The United States on Monday added Nigeria to its blacklist of countries "of particular concern" in terms of religious freedom, considered "the first of freedoms" by the head of the American diplomacy Mike Pompeo.

"The United States' support for religious freedom is unwavering," he said on Twitter.

"The annual blacklist shows that when religious freedom is threatened, we act," he warned.

The other countries on the list are the same as in 2019: Saudi Arabia, Burma, China, North Korea, Eritrea, Iran, Pakistan, Tajikistan and Turkmenistan.

Today the US designates Burma, China, Eritrea, Iran, Nigeria, the DPRK, Pakistan, Saudi Arabia, Tajikistan, and Turkmenistan as countries of concern under the International Religious Freedom Act of 1998 for engaging systematic, ongoing, egregious religious freedom violations.

- Secretary Pompeo (@SecPompeo) December 7, 2020

Mike Pompeo did not add India to it, despite the recommendation to this effect by an advisory commission on international religious freedom which denounced in the spring a "drastic deterioration" under the government of Indian Prime Minister Narendra Modi, near ally of Donald Trump.

Sudan, removed last year from the list of "particularly worrying" countries, is also leaving this year, the intermediate one of "under surveillance" states, thanks to "courageous reforms" carried out by the transitional authorities.

These have drawn closer to Washington, which also recently decided to remove Khartoum from its blacklist of states supporting terrorism.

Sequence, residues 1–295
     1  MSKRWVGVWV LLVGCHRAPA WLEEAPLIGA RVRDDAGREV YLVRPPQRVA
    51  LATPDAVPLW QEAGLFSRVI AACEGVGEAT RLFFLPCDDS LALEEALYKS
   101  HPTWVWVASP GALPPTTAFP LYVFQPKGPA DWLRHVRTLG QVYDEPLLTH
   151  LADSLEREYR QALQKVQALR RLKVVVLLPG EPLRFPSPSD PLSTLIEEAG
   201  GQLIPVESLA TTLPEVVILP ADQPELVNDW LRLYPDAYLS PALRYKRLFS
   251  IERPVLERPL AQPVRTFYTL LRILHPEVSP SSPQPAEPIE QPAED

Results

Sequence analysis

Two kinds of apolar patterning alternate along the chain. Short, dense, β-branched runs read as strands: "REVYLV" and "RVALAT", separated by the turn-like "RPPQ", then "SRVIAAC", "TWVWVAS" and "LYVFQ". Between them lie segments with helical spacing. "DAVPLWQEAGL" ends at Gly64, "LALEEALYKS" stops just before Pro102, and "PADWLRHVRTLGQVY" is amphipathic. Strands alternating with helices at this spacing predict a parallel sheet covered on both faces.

Mike Pompeo did not specify the reasons for the blacklisting of Nigeria, which had already been placed "under surveillance" in 2019.

In its latest report on religious freedom in the world published in June, the US State Department noted tensions between the authorities and the radical Shiite group Islamic Movement in Nigeria, whose protests are regularly bloody suppressed.

He noted that the ban on this organization last year was denounced by the Nigerian Catholic Church, which sees it as a threat to freedom of religion in general.

The report also cites arrests of Muslims for eating in public in Kano state during the Ramadan fast.

Blacklisting may pave the way for sanctions, including withdrawal of US government financial assistance, if designated countries fail to take action to correct the restrictions on religious freedom alleged by Washington. .

With AFP

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